Leading the initiative has been IDB and Geneva-based Dar al-Maal al-Islami Trust (DMI), both of which have committed $200 million or more to the fund. Further weight, and political critical mass, has been added by the participation of the government of Brunei Darussalam, the Saudi pension fund and the State of Bahrain, each of which have committed $100 million or more to the vehicle.

‘We have a very strong group of lead sponsors, and this was the aim for the first phase of fund raising,’ says Mumtaz Khan, chief executive officer of Emerging Markets Partnership (Bahrain – EMP), the principal adviser to the fund. ‘We will go to the state sector in other IDB member countries first and then to the private sector.’ The second phase is expected to be completed by the summer and the private sector marketing by the end of the year. With $980 million already raised, and the private sector and a large number of governments still untapped, the chances are that the 10-year fund will exceed its $1,500 million target.

Despite heavy state and parastatal involvement, the IDB Infrastructure Fund is a private sector vehicle aiming to deliver private sector returns. ‘We are aiming for capital appreciation of 18 per cent per annum net, on an IRR [internal rate of return] basis from the equity side of the fund,’ says Michael Lee, EMP’s managing director.

The fund is divided into two, legally separate tranches. The first is aiming to raise $1,000 million for equity investments and the second, the complementary finance facility (CFF), is targeting $500 million. The initial $980 million raised includes $780 million-worth of commitments to the equity tranche and $200 million to the CFF.

The equity tranche will be invested over the next four to five years in infrastructure projects in any of the 53 member countries of IDB. The main target sectors will probably be petrochemicals, power, water, telecommunications and transport. ‘Our geographical spread will be determined by the availability of high-return projects and a secure legal environment, as can be found in, for example, the GCC, Brunei and Malaysia,’ says Khan. ‘We do have a number of parameters ensuring good diversification: no more than 20 per cent of the fund can be invested in any one country; no more than 10 per cent of the equity tranche can go in a single project; and we won’t take more than a 40 per cent position in the equity of a single project.’

There will also be diversification in the point of entry into different projects. ‘Initially we will be less constrained, but overall we want a blend of greenfield and brownfield projects, some privatisations and we will also take positions in listed companies,’ says Khan. ‘Our aim is to generate returns and this will dictate where, when and how we invest.’ With this in mind the fund will be seeking a diversified risk profile with possibly some solid power projects with IRRs of 12-15 per cent forming the base, and telecommunications investments at the other end of the risk spectrum.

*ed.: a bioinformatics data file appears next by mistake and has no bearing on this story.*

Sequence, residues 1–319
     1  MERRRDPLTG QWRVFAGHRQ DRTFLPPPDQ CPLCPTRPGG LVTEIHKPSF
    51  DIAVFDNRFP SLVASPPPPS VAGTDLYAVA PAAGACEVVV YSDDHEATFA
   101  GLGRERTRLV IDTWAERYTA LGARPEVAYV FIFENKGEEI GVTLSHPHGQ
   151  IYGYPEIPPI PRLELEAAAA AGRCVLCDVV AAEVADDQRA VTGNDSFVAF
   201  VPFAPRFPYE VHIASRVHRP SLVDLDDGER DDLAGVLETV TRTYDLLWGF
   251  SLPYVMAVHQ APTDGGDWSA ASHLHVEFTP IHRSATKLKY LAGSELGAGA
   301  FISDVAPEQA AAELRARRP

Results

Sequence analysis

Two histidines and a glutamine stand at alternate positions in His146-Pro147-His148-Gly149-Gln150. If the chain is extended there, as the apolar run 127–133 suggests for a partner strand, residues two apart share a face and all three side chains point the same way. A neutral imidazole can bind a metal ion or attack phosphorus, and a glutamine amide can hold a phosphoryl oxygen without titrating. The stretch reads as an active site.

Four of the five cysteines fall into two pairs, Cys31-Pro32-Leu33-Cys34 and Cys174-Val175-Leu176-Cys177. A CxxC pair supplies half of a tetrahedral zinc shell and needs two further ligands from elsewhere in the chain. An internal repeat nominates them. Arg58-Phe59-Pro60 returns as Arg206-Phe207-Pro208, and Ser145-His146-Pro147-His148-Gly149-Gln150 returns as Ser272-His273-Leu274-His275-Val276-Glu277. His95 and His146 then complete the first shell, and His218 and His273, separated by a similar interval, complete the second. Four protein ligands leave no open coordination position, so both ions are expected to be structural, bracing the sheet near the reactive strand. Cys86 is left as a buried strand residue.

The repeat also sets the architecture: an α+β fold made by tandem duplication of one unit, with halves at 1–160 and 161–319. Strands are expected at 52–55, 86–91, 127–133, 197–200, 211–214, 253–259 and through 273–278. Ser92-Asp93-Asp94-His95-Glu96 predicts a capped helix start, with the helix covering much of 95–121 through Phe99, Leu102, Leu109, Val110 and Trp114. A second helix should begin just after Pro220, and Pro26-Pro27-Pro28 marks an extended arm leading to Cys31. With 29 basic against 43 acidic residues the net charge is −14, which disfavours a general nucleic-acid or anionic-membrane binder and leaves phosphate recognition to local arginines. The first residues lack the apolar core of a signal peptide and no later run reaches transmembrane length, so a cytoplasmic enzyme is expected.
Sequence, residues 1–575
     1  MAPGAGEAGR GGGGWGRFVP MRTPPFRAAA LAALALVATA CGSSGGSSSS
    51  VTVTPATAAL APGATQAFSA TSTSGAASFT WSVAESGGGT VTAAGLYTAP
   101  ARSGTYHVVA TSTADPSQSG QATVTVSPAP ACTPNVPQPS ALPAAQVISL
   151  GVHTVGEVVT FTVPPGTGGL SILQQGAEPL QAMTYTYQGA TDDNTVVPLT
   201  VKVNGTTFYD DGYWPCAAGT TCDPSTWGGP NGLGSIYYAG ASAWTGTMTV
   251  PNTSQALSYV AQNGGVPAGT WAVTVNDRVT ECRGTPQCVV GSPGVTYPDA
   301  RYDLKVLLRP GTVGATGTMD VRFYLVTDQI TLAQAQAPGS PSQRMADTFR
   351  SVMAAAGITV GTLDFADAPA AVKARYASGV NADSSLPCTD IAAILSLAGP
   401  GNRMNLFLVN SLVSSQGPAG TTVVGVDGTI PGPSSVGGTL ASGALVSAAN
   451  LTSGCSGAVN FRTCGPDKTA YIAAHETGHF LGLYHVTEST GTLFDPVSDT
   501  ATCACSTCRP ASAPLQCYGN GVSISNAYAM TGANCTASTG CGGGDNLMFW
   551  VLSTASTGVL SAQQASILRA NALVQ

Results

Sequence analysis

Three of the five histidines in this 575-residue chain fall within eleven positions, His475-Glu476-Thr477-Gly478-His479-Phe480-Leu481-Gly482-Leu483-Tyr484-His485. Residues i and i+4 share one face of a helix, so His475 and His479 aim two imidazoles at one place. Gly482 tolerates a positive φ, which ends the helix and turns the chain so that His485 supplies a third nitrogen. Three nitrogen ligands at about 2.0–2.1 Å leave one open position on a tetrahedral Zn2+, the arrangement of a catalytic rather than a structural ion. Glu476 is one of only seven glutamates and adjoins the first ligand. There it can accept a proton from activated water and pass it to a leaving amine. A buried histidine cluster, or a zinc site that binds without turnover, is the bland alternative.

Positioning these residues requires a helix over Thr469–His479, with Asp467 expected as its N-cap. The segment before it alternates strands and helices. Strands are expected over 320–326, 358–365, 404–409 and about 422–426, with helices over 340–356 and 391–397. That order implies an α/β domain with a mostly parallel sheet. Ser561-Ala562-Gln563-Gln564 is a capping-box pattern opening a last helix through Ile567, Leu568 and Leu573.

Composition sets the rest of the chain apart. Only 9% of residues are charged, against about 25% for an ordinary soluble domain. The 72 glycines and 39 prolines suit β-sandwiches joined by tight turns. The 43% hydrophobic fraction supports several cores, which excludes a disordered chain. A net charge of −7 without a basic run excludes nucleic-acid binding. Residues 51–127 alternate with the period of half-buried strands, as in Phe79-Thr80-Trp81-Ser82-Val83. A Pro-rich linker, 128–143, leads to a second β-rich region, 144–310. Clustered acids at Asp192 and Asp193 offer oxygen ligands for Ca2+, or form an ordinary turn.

The CFF component brings an innovative dimension to the fund, offering an Islamically structured underwriting capability to support the equity investments made by the fund. With Shamil Bank of Bahrain, which has taken a 40 per cent stake in EMP, acting as adviser on the CFF component, the fund will have a lead arranging capacity.

‘We will, on a best effort basis, aim to promote the use of Islamically structured finance in projects the fund takes equity positions in,’ says Lee. ‘The CFF will be able to promote Islamic finance, underwrite it and syndicate it.’ Although not its primary objective, the CFF is likely to advance the cause of Islamic project finance. Since the landmark Islamic tranche in the 1996 financing of Kuwait’s Equate Petrochemical Company, the development of the market has been limited to a handful of sporadic deals, such as on the Thuraya satellite and Shuweihat independent water and power project (IWPP) finance packages. Just as the IDB Infrastructure Fund will be offering project sponsors and developers an alternative equity-financing option, so the CFF could improve access to Islamic project finance.

With the fund’s investment rules suggesting that the equity capital will be used to take, on average, 25 per cent equity stakes in about 30 projects, the multiplier effect is considerable. Assuming that the equity is invested in projects with a typical 75:25 debt:equity ratio, the $1,500 million fund could be encouraging and facilitating total ancillary equity and debt investment of about $14,500 million.

For this reason alone, the fund will be well received by IDB members. For project sponsors, there is a substantial new pool of cash looking for a profitable home.